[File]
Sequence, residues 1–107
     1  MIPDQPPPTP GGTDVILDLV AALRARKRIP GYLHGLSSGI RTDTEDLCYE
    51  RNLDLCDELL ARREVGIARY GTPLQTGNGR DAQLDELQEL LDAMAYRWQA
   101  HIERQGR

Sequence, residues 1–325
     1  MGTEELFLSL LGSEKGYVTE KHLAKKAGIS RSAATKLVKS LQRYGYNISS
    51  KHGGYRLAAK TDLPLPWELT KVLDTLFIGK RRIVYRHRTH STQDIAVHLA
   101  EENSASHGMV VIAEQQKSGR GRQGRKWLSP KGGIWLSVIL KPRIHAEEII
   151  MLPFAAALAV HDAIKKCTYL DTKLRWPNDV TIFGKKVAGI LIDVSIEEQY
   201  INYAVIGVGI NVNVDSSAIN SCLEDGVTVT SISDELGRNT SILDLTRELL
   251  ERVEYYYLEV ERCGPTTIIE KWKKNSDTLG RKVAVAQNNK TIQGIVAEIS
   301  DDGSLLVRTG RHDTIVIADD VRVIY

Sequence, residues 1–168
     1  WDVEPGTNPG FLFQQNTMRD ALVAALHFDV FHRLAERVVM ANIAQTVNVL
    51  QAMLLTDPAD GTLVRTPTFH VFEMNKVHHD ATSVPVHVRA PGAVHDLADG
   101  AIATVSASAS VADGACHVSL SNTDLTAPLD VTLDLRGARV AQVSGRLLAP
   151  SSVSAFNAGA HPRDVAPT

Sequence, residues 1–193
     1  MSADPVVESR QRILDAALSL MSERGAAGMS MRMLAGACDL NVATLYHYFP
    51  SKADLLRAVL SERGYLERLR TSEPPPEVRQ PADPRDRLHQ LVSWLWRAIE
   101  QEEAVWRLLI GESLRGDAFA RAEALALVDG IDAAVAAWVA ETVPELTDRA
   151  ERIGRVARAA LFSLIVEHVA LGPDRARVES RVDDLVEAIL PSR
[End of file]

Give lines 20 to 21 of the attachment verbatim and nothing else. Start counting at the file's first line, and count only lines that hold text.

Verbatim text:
    51  SKADLLRAVL SERGYLERLR TSEPPPEVRQ PADPRDRLHQ LVSWLWRAIE
   101  QEEAVWRLLI GESLRGDAFA RAEALALVDG IDAAVAAWVA ETVPELTDRA